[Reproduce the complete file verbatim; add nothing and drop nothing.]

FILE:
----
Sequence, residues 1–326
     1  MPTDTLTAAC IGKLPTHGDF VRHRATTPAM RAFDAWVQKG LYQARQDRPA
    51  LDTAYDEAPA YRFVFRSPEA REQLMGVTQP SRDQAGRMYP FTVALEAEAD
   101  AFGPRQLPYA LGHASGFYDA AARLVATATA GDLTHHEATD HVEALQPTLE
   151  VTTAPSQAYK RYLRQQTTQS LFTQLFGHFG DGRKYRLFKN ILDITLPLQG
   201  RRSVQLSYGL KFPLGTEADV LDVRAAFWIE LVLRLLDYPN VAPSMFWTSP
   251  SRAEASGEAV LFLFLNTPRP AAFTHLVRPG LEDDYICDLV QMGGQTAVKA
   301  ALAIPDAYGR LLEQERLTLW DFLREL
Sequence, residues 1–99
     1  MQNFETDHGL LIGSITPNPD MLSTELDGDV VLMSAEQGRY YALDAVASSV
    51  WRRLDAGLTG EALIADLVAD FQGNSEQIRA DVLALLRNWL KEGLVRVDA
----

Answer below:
Sequence, residues 1–326
     1  MPTDTLTAAC IGKLPTHGDF VRHRATTPAM RAFDAWVQKG LYQARQDRPA
    51  LDTAYDEAPA YRFVFRSPEA REQLMGVTQP SRDQAGRMYP FTVALEAEAD
   101  AFGPRQLPYA LGHASGFYDA AARLVATATA GDLTHHEATD HVEALQPTLE
   151  VTTAPSQAYK RYLRQQTTQS LFTQLFGHFG DGRKYRLFKN ILDITLPLQG
   201  RRSVQLSYGL KFPLGTEADV LDVRAAFWIE LVLRLLDYPN VAPSMFWTSP
   251  SRAEASGEAV LFLFLNTPRP AAFTHLVRPG LEDDYICDLV QMGGQTAVKA
   301  ALAIPDAYGR LLEQERLTLW DFLREL
Sequence, residues 1–99
     1  MQNFETDHGL LIGSITPNPD MLSTELDGDV VLMSAEQGRY YALDAVASSV
    51  WRRLDAGLTG EALIADLVAD FQGNSEQIRA DVLALLRNWL KEGLVRVDA